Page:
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Do You Have The Temperament To Be A Fiction Writer?

Do You Have The

Temperament To Be

A Fiction Writer?

By

Mario V. Farina

Copyright 2017 Mario V. Farina

Shakespir Edition

Shakespir Edition, License Notes

All Rights Reserved

No part of this book may be reproduced or transmitted in any form or by any means,

Electronic or mechanical, including photocopying, recording or by any information

Storage and retrieval system, without prior written permission of the author.

Correspondence may be directed to:

Mario V. Farina

Email: [email protected]

One who yearns to be a successful fiction writer might well be asked the question, “Do you have the talent to be a fiction writer,” or “Do you have the skill to be a fiction writer?” Surely, these questions are important, but I feel a better question might be, “Do you have the temperament to be a fiction writer?” I feel this is a better question because writers are different from other people. I don’t mean that writers are better than others or worse; simply different.

 

If you yearn to be a fiction writer, your yearning may not be realized because you may not have the necessary temperament. At this point you might ask, “What makes you think you have the right to address that question?” My answer is, “I have the right because I’ve written and published about 200 pieces of fiction in www.Smashword.com. I’m an established writer, and as such, have come to understand the mind of a fiction writer and the writer’s temperament.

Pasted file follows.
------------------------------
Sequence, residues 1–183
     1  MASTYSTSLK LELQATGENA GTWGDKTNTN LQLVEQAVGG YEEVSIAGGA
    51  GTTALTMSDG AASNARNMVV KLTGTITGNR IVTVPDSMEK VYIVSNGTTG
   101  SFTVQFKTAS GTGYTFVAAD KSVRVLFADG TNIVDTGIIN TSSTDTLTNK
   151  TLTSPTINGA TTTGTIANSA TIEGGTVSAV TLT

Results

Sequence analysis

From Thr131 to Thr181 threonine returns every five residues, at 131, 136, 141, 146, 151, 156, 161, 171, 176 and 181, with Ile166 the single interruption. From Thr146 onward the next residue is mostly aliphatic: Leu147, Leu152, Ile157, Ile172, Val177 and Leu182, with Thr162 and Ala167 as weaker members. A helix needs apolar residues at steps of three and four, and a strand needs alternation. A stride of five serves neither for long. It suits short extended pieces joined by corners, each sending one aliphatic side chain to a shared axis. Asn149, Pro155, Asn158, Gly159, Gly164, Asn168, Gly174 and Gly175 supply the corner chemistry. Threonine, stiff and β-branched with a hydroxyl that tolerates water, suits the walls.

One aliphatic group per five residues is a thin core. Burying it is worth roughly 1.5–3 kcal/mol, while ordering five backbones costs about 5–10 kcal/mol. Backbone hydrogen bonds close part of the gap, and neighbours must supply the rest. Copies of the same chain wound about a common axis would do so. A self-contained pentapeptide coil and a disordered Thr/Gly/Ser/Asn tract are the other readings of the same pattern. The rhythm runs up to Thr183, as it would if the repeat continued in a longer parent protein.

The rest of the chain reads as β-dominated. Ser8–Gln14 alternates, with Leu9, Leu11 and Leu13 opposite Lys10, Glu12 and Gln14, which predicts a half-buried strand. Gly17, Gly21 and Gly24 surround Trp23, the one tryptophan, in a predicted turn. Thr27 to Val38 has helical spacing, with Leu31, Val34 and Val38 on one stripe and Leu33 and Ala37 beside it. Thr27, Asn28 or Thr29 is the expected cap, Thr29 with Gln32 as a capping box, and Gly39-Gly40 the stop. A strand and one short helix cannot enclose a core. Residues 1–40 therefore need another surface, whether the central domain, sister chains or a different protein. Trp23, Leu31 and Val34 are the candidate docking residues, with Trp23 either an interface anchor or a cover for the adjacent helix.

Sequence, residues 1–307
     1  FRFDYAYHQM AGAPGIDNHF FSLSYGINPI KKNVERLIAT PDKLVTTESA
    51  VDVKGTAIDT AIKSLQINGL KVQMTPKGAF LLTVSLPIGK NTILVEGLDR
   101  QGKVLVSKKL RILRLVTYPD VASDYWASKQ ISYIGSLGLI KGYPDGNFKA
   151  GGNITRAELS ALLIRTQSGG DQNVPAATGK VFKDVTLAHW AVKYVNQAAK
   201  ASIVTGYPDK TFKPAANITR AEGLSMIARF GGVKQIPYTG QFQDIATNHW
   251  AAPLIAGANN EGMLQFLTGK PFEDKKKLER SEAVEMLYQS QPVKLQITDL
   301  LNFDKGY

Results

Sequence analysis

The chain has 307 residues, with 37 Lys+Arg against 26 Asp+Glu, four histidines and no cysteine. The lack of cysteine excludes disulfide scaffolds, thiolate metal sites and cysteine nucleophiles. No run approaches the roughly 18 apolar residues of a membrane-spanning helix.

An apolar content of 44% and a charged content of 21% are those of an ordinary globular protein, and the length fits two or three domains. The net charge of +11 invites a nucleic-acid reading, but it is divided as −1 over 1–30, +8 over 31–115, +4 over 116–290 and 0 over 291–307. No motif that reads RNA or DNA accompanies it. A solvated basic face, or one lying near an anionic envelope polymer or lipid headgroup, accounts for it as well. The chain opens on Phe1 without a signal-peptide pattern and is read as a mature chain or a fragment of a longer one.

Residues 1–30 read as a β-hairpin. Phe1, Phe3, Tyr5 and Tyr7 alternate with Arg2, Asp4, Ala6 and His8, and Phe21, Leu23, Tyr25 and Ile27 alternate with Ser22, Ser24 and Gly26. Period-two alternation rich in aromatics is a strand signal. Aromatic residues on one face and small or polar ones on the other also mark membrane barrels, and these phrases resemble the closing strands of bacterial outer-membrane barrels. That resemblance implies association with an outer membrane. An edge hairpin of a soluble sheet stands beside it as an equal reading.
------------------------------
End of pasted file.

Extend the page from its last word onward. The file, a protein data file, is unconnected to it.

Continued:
I recognize that not all writers are the same. This is a fortuitous thing for you because, after I have given the qualities by which you may judge for yourself whether you are a writer, you may not agree with the decision I propose. At that point, if my decision is negative, you’ll have the right to strive for success as a writer anyway! Eventually, you may even decide to write an article on the same subject that this one!